Additional objects, features and advantages of the present invention will become more readily apparent from the following detailed description of preferred embodiments when taken in conjunction with the drawings wherein like reference numerals refer to corresponding parts in the several views.
BRIEF DESCRIPTION OF THE DRAWINGS
FIG. 1 is a front elevational view of a refrigerator incorporating a dispenser having a sensor system constructed in accordance with the present invention;
FIG. 2 is a schematic representation of a sensor system employing transmissive infrared (IR) arrays positioned to determine container height and shape constructed in accordance with a first embodiment of the present invention;
FIG. 3 is a schematic view of the sensing system utilizing retro-reflective IR sensors to detect container height and shape constructed in accordance with a second embodiment the present invention;
FIG. 4 is a block diagram illustrating a third embodiment of the present invention in which ultrasonic sensors are utilized to detect container height and a change in height of contents of the container being filling by the dispenser in accordance with the present invention;
FIG. 5 is a diagram illustrating a fourth embodiment of the present invention in which a photoelectric device is utilized to determine container height and shape; and
FIG. 6 is a diagram illustrating a fifth embodiment of the present invention wherein digital imaging is utilized to determine container height and shape.
DETAILED DESCRIPTION OF PREFERRED EMBODIMENTS
With initial reference to FIG. 1, a refrigerator constructed in accordance with the present invention is generally indicated at 2. Refrigerator 2 includes a cabinet 4 having a top wall 6, a bottom wall 7 and opposing side walls 8 and 9. In a manner known in the art, refrigerator 2 includes a freezer compartment 11 arranged along side a fresh food compartment 12. Freezer compartment 11 includes a corresponding freezer compartment door 14 and fresh food compartment 12 includes a corresponding fresh food compartment door 15. In a manner also known in the art, each door 14, 15 includes an associated handle 17, 18. Refrigerator 2 is also shown to include a kick plate 20 arranged at a bottom portion thereof having a vent 21 that permits air to flow into refrigeration components (not shown) that establish and maintain desired temperatures in freezer compartment 11 and fresh food compartment 12. In the embodiment shown, refrigerator 2 constitutes a side-by-side model. However, it should be understood that the present invention could also be employed in connection with a wide variety of refrigerators, including top mount, bottom mount, and French-style refrigerator models.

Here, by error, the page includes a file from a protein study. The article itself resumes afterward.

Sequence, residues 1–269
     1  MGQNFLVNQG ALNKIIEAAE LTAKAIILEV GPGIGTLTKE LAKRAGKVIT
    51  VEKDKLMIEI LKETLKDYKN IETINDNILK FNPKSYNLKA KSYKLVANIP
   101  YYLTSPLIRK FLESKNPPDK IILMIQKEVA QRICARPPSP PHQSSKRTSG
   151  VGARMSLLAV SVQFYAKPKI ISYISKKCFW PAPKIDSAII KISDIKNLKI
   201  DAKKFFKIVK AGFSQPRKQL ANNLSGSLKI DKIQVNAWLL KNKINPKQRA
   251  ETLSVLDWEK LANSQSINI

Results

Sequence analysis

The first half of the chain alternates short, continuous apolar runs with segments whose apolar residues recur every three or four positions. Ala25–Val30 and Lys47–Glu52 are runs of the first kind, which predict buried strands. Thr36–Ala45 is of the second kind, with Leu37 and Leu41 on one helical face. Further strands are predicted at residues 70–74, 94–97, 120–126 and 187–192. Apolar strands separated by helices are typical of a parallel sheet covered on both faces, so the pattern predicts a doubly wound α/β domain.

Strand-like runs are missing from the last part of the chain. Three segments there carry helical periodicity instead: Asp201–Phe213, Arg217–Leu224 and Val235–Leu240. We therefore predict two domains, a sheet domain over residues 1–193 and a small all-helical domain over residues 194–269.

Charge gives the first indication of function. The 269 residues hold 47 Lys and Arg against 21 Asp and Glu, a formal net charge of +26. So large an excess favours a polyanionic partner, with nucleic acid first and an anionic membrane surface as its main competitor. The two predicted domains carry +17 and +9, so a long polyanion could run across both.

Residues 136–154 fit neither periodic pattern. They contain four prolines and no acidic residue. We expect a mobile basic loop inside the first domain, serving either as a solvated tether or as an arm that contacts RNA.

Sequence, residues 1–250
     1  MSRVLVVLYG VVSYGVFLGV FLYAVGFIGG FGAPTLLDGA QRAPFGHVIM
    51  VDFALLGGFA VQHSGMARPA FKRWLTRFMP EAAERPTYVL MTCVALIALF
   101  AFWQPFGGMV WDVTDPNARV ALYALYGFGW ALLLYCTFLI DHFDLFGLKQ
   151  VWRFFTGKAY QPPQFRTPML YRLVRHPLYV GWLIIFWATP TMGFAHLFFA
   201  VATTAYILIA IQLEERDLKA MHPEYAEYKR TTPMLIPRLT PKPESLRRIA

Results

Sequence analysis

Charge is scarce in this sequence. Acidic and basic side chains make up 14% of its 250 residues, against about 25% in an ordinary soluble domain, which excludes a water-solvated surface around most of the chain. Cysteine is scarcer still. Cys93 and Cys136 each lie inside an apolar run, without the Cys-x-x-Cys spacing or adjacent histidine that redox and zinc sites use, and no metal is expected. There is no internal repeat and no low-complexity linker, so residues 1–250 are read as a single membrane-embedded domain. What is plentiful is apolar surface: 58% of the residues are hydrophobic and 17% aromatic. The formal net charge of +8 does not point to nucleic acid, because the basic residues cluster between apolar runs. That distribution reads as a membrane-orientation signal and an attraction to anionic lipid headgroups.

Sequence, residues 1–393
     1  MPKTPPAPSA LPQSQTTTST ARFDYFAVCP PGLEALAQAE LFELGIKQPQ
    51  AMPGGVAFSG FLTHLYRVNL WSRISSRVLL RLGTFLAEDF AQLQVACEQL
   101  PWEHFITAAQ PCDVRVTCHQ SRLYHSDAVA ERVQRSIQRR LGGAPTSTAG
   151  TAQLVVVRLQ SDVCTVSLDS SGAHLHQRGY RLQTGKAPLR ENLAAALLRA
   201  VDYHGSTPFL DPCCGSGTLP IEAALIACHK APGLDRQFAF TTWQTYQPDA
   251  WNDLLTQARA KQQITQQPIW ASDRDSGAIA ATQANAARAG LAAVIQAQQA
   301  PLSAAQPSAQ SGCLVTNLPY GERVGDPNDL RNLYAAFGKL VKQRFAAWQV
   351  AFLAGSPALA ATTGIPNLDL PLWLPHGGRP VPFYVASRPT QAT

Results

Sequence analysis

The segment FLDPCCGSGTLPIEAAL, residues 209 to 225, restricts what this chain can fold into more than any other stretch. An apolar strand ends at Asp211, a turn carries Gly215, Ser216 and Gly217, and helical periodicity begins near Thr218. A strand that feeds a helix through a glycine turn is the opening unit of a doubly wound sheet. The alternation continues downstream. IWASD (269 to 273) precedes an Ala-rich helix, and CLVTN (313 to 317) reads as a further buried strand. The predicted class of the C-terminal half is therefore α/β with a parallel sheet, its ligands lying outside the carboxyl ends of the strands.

In accordance with the invention, refrigerator 2 includes a dispenser assembly 40 having a main housing 44 and a control panel 49. Control panel 49 includes first and second rows of control buttons 53 and 54 which enable a user to select a preferred dispensing operation. Control panel 49 further includes a display 57 which, in addition to functioning in cooperation with dispenser assembly 40, enables the user to select particular operational parameters for refrigerator 2 such as, desired temperatures for freezer compartment 11 and fresh food compartment 12.
Dispenser assembly 40 includes a dispenser well 63 having a base or container support portion 65, a recessed, upstanding wall section 68 and a pair of opposing side walls 69 and 70. A nozzle or spigot 74 is arranged in an upper portion (not separately labeled) of dispenser well 63 and aimed to deliver a flow of water downward into a container 77 (see FIGS. 3-6) placed in dispenser well 63. An ice outlet (not shown) is also provided in an upper portion of dispenser well 63 for dispensing ice. At this point, it should be realized that dispenser well 63 can be provided with laterally spaced container receiving zones for ice and water respectively or a common receiving zone as depicted. More importantly, in accordance with the invention, dispenser assembly 40 includes a sensor system 80 that detects both the size and shape of a container placed within dispenser well 63. As will be detailed more fully below, sensor system 80 employs at least one sensor 90 positioned in dispenser well 63.